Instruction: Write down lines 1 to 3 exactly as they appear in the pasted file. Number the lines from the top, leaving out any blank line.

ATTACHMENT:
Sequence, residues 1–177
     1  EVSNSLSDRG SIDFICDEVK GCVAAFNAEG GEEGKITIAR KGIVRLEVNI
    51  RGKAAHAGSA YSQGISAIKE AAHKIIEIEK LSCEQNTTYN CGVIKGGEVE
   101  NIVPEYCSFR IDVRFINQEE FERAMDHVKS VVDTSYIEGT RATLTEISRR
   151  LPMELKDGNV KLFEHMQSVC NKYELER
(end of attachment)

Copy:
Sequence, residues 1–177
     1  EVSNSLSDRG SIDFICDEVK GCVAAFNAEG GEEGKITIAR KGIVRLEVNI
    51  RGKAAHAGSA YSQGISAIKE AAHKIIEIEK LSCEQNTTYN CGVIKGGEVE